Malta’s workforce now multi-ethnic, according to Misco survey

Demand for higher salaries and difficulties in attracting talent emerged in the study as the principle challenges facing employers

Almost 80% of employers recruit EU citizens, a survey has found
Almost 80% of employers recruit EU citizens, a survey has found

The vast majority of employers in Malta actively employ foreigners as part of their workforce, a survey has found.

According to figures indicated in MISCO’s annual survey on human resources developments, 77% of responding employers said that they recruited European Union citizens, while 44% employed third country nationals.

Although the survey also showed that 84% of respondents still recruit Maltese nationals, MISCO director Joanne Bondin said the figures confirm that Malta’s labour force is “decidedly becoming multi-ethnic”.

The key challenges in the HR sector remain salary demands, experienced by 57% of employers, a lack of experiences staff, at 49%, and a shortage of job applications, which, at 47%, is twice last year’s figure.

“These results indicate that employers are being faced with a two-pronged challenge – a demand for higher salaries from employees who do not necessarily have the appropriate experience that meets their requirements and a difficulty in attracting talent,” Bondin underscored.

She said that it was highly positive that the function of an HR department is being given increased importance, with 79% of respondents claiming that this has taken a bigger role in their organisation over the last twelve months.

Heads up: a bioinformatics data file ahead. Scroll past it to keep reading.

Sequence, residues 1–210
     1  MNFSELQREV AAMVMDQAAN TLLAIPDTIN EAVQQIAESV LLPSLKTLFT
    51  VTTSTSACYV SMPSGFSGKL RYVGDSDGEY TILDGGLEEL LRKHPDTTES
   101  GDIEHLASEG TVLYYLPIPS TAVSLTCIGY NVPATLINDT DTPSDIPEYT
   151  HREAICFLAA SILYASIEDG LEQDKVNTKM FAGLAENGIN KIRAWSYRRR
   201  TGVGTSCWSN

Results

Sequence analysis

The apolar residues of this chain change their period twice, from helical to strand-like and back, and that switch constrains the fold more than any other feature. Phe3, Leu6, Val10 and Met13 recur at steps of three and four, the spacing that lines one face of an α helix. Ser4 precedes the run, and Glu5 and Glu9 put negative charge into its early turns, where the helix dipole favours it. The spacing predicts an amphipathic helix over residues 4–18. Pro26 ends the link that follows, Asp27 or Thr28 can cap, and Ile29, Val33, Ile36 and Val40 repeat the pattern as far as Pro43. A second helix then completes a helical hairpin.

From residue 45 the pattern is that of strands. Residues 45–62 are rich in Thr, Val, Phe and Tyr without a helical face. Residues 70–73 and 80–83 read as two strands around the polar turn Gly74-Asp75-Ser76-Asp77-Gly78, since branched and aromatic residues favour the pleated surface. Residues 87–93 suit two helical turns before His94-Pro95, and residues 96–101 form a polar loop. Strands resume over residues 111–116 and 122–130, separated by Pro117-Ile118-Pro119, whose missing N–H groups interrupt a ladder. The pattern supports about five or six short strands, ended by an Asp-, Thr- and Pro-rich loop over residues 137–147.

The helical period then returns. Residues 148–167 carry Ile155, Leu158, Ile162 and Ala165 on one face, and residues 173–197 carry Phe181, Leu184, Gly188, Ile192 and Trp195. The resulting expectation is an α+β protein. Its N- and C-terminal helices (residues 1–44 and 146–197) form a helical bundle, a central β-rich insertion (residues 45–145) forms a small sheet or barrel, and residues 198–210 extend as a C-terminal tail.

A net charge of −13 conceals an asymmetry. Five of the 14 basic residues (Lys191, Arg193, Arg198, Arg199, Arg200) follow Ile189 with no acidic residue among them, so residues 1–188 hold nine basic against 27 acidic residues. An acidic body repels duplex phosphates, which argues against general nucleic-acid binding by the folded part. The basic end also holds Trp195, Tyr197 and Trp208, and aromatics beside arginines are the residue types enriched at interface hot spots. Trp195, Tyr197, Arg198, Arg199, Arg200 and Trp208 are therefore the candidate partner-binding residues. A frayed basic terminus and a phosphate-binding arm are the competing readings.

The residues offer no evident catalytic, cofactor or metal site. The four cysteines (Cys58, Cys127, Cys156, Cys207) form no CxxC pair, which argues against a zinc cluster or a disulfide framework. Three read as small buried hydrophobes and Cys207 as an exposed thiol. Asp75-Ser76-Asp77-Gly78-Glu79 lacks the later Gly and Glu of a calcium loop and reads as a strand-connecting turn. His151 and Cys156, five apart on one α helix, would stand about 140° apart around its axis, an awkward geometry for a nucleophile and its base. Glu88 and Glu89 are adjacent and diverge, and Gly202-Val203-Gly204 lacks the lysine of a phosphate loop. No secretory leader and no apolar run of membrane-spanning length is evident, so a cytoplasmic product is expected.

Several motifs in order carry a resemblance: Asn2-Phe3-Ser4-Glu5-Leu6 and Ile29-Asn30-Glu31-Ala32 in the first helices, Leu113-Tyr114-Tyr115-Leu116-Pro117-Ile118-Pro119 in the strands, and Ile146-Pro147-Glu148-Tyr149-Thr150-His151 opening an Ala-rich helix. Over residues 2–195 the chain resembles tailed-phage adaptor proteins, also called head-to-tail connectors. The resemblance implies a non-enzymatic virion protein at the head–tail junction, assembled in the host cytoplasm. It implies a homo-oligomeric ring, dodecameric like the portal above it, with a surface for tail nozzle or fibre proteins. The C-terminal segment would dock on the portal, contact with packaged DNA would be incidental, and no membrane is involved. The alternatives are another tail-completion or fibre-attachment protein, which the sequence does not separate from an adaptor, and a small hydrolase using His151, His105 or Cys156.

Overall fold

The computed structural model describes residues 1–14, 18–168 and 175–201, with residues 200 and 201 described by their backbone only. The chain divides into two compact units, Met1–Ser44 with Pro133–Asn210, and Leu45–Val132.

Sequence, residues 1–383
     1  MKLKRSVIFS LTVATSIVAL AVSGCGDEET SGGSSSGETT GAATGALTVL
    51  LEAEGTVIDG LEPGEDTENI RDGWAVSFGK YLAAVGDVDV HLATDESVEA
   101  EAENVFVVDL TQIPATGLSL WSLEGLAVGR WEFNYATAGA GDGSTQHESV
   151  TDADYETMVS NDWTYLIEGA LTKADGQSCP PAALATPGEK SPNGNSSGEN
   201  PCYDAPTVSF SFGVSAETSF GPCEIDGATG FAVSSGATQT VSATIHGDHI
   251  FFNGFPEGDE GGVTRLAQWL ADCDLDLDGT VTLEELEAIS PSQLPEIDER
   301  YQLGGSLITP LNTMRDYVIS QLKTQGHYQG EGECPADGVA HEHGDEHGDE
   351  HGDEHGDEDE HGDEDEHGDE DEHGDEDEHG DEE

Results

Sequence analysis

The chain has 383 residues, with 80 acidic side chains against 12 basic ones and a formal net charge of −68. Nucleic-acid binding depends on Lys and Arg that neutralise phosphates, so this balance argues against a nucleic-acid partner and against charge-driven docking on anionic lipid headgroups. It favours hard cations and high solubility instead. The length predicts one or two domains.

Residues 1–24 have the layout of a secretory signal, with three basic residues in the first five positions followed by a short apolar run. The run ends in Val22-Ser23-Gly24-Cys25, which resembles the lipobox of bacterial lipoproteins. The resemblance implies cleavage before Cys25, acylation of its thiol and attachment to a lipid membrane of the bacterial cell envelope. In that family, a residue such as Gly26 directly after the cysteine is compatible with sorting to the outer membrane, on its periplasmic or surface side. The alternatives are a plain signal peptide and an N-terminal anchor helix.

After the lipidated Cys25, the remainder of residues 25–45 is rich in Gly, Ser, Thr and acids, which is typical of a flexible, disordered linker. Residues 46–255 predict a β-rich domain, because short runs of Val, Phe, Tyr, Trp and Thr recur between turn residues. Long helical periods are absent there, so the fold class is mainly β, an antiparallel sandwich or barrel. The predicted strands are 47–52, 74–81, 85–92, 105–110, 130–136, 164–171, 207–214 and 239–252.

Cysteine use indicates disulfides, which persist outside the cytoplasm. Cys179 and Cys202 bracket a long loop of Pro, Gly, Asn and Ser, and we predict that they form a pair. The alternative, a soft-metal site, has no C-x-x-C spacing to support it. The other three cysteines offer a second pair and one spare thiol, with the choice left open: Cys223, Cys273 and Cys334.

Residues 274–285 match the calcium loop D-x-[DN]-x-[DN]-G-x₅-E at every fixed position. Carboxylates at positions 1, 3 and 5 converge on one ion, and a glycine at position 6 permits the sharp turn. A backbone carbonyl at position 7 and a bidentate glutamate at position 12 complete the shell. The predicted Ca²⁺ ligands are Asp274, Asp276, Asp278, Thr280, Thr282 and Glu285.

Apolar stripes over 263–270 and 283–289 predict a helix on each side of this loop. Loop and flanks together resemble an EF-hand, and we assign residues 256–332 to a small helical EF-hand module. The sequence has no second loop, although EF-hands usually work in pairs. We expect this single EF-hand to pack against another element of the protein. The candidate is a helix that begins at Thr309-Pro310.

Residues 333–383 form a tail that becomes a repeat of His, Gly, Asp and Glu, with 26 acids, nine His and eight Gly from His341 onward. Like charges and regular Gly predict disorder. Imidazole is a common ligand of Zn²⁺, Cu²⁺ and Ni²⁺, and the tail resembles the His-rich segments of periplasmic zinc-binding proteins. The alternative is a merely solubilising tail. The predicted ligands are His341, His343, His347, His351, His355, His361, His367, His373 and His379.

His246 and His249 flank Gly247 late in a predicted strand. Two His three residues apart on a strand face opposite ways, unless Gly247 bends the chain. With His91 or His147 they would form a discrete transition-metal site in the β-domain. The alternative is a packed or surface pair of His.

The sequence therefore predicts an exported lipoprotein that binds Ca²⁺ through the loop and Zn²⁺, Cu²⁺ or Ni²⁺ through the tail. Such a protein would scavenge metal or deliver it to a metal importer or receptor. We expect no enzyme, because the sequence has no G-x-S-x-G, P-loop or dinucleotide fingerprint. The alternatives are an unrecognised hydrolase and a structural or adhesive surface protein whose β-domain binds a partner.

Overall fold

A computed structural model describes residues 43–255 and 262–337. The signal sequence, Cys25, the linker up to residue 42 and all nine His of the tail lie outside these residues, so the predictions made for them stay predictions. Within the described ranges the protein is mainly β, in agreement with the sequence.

Despite this, she said more still needs to be done for the HR function to play a more important role in companies’ business strategy.

The figures show that 54% of respondents mentioned a lack of appreciation of the value of the HR section by the rest of management. Difficulties in setting up of an effective performance management system (51%) and a lack of resources in the HR unit (43%) were also highlighted.

Retaining their employees was mentioned as the top priority by 67% of employers.

Other priorities noted include managing employee engagement and motivation, staff development, strengthening the organisation culture and addressing skills shortages.

Lack of experience is major issue

Asked what the main recruitment difficulties encountered were, respondents mentioned a lack of experience( 61%), salary demands (50%), a shortage of applications (40%), a lack of formal qualifications (17%) and insufficient interpersonal skills (11%).

The survey went on to explore the methods of recruitment deemed the most effective, and sought to also establish which methods are the most frequently used.

Compared to last year, social media has taken over recruitment agencies as the favourite method of recruitment, with 77% responding that they sought people through such platforms, compared to the 71% who do so through recruitment firms.

They said, however, that the two methods were equally effective at finding recruits.

Respondents were also asked if they invest in developing and communicating the company's employer brand, with 65% replying in the affirmative. Close to 90% of respondents make use of psychometric assessments.

Half of employers have no performance management system

The survey uncovered that only 54% of employers have a performance management system in place, of which 90% considered this very or fairly effective in improving overall performance.

Most performance management systems take the form of personal development plans (79%) followed by objectives’ setting and review and self-assessment and appraisal (76%) of respondents.

In terms of the adoption of family-friendly measures, four main initiatives were mentioned, namely the option to work on a part-time or on a reduced hours basis (75%), flexi hours (71%), working from home or remote working (52%), and special leave for certain specified circumstances (40%).

Respondents also stated that the main obstacles in implementing such measures are tensions among employees (mentioned by 41% of respondents), an unfavourable business environment (32%) and costs (29%).

The survey was conducted between August and September of this year, using an online methodology which seeks to provide an understanding of the key HR issues that local companies are facing.

More in Business News